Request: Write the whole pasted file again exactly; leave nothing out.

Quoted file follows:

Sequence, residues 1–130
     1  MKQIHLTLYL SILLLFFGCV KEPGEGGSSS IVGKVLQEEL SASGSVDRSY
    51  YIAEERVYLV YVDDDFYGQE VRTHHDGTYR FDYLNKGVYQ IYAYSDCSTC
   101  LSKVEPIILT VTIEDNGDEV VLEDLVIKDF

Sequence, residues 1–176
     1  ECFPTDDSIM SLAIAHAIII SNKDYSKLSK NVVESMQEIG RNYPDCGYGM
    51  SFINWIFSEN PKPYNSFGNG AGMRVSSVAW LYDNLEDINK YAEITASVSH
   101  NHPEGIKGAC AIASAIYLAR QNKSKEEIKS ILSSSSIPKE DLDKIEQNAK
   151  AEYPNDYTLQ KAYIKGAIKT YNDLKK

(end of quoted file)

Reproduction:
Sequence, residues 1–130
     1  MKQIHLTLYL SILLLFFGCV KEPGEGGSSS IVGKVLQEEL SASGSVDRSY
    51  YIAEERVYLV YVDDDFYGQE VRTHHDGTYR FDYLNKGVYQ IYAYSDCSTC
   101  LSKVEPIILT VTIEDNGDEV VLEDLVIKDF

Sequence, residues 1–176
     1  ECFPTDDSIM SLAIAHAIII SNKDYSKLSK NVVESMQEIG RNYPDCGYGM
    51  SFINWIFSEN PKPYNSFGNG AGMRVSSVAW LYDNLEDINK YAEITASVSH
   101  NHPEGIKGAC AIASAIYLAR QNKSKEEIKS ILSSSSIPKE DLDKIEQNAK
   151  AEYPNDYTLQ KAYIKGAIKT YNDLKK